An initial report by the Competition and Markets Authority (or CMA for short) has concluded that the music streaming industry isn’t harming consumers, despite only a handful of key players such as Spotify and Apple Music dominating the music streaming market.
The competition watchdog has found that “neither labels nor streaming services appear to be making sustained excess profits”, despite the concentrated streaming market and with only three major record labels in the recorded music sector.
On the contrary, the CMA has said that the market is “delivering good outcomes for consumers''. This challenges the initial suspicion that the sector was not working in the best interest of British consumers, taking advantage of the UK’s “love affair” with music.
This finding also has a knock-on effect for artists, who have long voiced their issues with royalties and unfair payments on music streaming platforms. This verdict actually may play in favour of the streaming services, as the allegations that they are excessively profiting by underpaying artists appear to be disproved by this investigation.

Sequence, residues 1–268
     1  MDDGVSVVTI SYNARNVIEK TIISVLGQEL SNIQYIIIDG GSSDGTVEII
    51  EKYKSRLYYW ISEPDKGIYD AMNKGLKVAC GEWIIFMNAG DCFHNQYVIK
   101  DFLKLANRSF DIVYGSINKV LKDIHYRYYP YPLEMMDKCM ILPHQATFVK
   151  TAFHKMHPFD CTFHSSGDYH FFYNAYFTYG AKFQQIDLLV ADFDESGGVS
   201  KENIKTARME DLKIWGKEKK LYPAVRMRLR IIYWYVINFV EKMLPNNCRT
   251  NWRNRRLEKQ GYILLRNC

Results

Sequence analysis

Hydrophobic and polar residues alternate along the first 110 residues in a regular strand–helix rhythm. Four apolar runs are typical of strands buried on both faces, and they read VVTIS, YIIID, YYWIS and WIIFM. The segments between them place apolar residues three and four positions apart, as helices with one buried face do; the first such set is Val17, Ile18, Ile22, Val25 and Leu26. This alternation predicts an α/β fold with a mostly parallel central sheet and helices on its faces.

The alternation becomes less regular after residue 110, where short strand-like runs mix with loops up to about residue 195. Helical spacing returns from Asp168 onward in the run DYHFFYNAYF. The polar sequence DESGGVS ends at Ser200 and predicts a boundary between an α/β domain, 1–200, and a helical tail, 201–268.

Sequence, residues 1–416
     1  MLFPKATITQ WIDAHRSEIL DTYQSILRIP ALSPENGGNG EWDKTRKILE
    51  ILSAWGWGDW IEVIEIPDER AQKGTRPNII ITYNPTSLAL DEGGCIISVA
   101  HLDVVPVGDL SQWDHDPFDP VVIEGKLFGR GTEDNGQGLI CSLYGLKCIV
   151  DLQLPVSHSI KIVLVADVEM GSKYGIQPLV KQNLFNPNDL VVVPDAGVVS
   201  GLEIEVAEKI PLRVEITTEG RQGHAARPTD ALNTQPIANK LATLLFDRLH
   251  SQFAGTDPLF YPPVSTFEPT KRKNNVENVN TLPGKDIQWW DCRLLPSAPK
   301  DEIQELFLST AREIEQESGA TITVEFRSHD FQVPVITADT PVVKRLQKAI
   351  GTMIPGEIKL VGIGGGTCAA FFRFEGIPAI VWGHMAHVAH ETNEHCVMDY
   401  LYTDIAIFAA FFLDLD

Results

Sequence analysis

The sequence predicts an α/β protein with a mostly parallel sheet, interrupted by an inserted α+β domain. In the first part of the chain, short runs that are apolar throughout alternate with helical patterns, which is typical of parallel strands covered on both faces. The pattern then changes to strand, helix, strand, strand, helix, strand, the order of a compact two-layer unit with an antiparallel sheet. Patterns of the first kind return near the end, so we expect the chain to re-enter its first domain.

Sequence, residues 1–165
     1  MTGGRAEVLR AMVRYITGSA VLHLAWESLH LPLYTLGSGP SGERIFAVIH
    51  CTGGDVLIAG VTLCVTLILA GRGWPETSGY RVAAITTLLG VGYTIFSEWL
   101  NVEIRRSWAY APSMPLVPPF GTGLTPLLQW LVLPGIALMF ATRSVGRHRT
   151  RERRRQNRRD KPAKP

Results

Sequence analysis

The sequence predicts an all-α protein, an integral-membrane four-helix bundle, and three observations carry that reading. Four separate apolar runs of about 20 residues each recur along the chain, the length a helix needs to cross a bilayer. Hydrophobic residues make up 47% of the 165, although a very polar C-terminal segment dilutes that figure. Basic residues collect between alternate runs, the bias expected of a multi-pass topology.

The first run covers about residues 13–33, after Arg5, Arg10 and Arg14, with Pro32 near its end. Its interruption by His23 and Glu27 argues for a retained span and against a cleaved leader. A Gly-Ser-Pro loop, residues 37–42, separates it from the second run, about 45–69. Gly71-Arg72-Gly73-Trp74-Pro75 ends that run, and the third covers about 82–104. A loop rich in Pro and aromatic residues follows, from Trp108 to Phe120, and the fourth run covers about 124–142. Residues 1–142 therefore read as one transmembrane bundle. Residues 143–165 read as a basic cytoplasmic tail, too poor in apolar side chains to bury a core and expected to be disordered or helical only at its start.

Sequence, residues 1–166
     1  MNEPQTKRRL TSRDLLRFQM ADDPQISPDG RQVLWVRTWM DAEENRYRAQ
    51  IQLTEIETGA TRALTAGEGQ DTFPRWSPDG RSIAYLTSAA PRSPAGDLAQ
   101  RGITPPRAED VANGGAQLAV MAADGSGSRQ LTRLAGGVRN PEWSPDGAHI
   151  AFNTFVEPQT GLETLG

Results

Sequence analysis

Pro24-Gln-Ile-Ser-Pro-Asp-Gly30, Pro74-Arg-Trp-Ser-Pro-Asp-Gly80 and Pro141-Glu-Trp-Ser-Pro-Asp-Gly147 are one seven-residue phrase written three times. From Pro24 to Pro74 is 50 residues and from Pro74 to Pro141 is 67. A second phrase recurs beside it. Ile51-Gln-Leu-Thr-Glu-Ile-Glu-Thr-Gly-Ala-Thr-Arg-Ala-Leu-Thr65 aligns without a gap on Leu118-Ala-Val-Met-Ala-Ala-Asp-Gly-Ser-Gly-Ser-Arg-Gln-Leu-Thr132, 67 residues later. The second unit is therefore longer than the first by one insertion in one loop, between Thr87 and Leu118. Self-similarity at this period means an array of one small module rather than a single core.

However, interim chief of the CMA, Sarah Cardell, says that there are still concerns over artists’ treatment even if consumers are being treated fairly. With the study continuing to receive feedback until 19th August, there may still be changes to the final report yet.
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